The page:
Brush cookies with beaten egg and sprinkle sesame seeds on top. Cover and let the cookies rise for 30 minutes in a warm place. 
Take a fork and poke holes in the cookies. Bake cookies in an oven preheated to 180° for 10 minutes. Store in an airtight container. 
Level of difficulty: Medium.
Time: 3.5 to 4 hours. 
Status: Parve.
QUICK RAHAT LOKUM COOKIES
The most important thing to remember when making rahat lokum cookies is to add the flour and liquids gradually. Knead the dough until it’s smooth, and then knead again before putting it in the fridge to set. In addition, everything must be measured exactly, since the dough is very delicate. Use a cup that is 200 ml. Make sure not to over-knead the dough. 
Makes 30-32 cookies.
2 cups flour, sifted
150 gr. butter or margarine
1 Tbsp. canola oil
2 Tbsp. powdered sugar
2 packets vanilla sugar
¼-½ cup water, or a drop more if needed
5-6 pieces of red, pink or white rahat lokum
Topping
½ cup powdered sugar
Using an electric mixer, mix the butter or margarine with the oil, powdered sugar and vanilla sugar. Gradually add the flour and water. Mix until the dough falls away from the sides of the bowl.
Knead the dough with your hands. Cover with plastic wrap and let dough sit in the fridge for 1 hour. 
Cut the rahat lokum into 32 or 33 pieces. Sprinkle them with powdered sugar and place them on a tray. 
Flour your work surface. Split the dough into two sections. 
Roll out the first section until it’s ½ cm thick. Cut into small triangles and place a piece of rahat lokum with the widest side facing down on each triangle. Roll up the dough from one side of the triangle, ending with the corner. Continue making all the cookies in the same way. 
Arrange the cookies on a lined baking tray with plenty of space between each one. Bake for 20 minutes in an oven that has been preheated to 180°. Sprinkle them with powdered sugar and let cool.
Level of difficulty: Medium.
Time: 2 hours. 
Status: Parve or dairy.
Quick Rahat Lokum cookiesQuick Rahat Lokum cookies
VANILLA CREAM COOKIES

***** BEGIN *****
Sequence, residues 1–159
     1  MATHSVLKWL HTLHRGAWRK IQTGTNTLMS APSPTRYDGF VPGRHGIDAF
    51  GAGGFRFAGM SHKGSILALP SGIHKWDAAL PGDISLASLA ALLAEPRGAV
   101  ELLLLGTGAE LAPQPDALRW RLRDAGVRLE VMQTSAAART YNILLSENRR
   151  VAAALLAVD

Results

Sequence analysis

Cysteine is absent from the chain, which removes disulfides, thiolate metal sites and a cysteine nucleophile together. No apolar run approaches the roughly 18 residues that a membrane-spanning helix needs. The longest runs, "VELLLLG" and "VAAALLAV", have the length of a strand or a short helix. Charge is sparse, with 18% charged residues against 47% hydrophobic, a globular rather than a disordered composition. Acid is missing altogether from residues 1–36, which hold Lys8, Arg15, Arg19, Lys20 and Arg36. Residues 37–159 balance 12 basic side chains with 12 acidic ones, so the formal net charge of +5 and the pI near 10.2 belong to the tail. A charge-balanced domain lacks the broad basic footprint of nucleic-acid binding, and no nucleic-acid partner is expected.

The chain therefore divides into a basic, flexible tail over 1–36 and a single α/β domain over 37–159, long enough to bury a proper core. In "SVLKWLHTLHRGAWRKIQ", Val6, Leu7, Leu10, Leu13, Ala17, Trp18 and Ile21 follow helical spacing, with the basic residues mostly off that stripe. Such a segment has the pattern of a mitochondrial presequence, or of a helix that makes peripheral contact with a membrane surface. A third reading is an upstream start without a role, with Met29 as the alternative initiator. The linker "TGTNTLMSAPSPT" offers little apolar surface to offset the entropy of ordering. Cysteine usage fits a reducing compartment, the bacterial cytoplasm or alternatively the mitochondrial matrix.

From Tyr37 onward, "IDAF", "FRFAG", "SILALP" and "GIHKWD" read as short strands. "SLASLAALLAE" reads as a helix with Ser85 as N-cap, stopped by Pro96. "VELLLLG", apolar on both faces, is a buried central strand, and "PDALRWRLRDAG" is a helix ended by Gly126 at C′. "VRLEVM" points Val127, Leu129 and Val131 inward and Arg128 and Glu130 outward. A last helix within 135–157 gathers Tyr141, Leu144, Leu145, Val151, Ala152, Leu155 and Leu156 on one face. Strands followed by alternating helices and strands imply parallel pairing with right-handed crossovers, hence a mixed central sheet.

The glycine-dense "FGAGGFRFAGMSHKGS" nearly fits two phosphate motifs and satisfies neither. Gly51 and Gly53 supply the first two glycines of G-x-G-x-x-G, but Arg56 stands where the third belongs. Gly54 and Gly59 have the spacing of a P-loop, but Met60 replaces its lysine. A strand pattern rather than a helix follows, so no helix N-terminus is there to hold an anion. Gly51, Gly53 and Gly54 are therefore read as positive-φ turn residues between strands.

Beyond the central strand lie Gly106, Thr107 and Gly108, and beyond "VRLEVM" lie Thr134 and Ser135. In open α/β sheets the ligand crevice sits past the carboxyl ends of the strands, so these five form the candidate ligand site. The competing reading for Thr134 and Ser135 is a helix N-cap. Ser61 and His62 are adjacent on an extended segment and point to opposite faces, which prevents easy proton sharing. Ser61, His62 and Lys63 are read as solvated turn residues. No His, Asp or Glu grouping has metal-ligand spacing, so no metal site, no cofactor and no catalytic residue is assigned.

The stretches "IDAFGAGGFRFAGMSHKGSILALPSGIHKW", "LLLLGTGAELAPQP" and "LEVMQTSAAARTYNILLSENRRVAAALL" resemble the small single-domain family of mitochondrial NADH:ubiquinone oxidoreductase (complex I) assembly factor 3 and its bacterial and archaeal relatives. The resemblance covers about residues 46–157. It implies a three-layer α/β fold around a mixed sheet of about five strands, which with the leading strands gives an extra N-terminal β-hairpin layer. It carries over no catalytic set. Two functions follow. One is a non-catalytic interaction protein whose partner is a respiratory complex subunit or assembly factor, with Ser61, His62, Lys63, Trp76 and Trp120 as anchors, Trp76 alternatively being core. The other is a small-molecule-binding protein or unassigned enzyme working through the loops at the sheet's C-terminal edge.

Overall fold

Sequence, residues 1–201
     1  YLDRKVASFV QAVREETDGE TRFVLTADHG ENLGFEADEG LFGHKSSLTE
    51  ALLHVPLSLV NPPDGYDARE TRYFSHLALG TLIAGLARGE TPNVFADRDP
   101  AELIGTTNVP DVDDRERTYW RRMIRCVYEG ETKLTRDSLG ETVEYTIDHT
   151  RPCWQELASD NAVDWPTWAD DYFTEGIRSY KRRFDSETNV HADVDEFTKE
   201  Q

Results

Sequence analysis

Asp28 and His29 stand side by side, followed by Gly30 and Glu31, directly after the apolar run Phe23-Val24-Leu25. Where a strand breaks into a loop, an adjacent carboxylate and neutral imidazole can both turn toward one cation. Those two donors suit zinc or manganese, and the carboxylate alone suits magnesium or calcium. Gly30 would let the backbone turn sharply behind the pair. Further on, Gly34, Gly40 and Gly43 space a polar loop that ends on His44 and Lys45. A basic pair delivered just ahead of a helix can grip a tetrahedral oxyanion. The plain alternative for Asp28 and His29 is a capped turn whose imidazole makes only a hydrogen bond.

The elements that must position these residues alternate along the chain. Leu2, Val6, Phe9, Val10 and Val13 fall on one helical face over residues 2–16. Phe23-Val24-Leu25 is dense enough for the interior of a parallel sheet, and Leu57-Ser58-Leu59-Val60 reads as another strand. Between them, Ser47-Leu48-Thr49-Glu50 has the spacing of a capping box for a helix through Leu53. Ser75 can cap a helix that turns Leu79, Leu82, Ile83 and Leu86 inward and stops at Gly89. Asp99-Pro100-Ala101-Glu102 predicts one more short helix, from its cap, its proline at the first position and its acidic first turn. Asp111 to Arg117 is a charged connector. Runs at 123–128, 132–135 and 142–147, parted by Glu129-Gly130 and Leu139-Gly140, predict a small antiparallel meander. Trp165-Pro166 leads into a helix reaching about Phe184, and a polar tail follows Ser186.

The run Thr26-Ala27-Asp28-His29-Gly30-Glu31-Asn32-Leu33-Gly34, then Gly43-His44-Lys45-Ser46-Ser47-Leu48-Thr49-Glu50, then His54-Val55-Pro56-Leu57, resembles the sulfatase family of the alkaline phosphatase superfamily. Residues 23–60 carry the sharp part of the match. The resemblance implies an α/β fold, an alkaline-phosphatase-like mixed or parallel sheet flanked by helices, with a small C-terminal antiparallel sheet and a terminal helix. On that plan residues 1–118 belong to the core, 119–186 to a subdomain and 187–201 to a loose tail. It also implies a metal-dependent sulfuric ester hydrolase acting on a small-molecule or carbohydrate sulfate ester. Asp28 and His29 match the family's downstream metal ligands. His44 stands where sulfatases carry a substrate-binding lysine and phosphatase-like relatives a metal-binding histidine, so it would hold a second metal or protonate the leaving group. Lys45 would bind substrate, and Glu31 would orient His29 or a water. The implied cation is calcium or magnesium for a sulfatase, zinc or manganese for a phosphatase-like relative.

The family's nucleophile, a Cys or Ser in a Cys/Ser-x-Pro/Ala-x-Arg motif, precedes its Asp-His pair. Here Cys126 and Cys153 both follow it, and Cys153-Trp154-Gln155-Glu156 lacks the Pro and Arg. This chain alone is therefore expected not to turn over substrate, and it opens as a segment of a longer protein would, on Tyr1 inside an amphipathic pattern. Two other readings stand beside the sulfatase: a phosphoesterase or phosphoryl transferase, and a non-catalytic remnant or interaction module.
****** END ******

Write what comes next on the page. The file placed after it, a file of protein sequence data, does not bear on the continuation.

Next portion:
Makes 35 cookies.
Dough
200 gr. butter, softened
3 egg yolks (keep egg whites for filling)
350 gr. self-rising flour or 2.5 cups white flour (sifted) mixed with 1 tsp. baking powder
½ tsp. vanilla extract
1 container (200 ml.) sour cream
Filling:
3 egg whites
1 cup white sugar
1 package instant vanilla pudding
1 tsp. vanilla extract or 1 packet vanilla sugar
Some ground hazelnuts or ground pistachios
Toppings:
Powdered sugar
Dried rose petals
Add all of the dough ingredients to the bowl of an electric mixer fitted with a dough hook. Mix until dough is soft and a little sticky. Use your hand to form a ball with the dough and flour it a little. Put the dough in a bowl and cover with plastic wrap. Place it in the fridge for 30-60 minutes to set. 
Add the egg whites to a clean bowl of an electric mixer fitted with a whipping attachment. Mix on high for a few minutes until stiff peaks form. Add the sugar while mixing on low speed. Mix well. 
Add the pudding and the vanilla and mix slowly for a few seconds. If you want, fold in ground hazelnuts or ground pistachios to the mixture. 
Take the dough out of the fridge and separate into two sections. 
Roll out the dough until it’s very thin. Split the vanilla mixture into two parts. Spread one part of the filling on the dough thinly to the edges. Starting from the side closest to you, begin rolling up the dough into a tight log. Prepare the second log in the same fashion. Place the logs on a tray and cover. Place the tray in the freezer for 20-30 minutes – this will make it easier to slice the logs into pieces. 
Take the logs out of the freezer and slice them into pieces that are 1.5 cm wide. Arrange them on a baking tray lined with baking paper, with the sliced side facing up. 
Bake for 20-25 minutes in an oven that has been preheated to 180° or until the dough begins to turn golden brown (but not too dark). Let them cool and then cover with powdered sugar or rose petals. 
Level of difficulty: Medium.
Time: 2 hours. 
Status: Dairy.
Vanilla cream cookiesVanilla cream cookies
Translated by Hannah Hochner.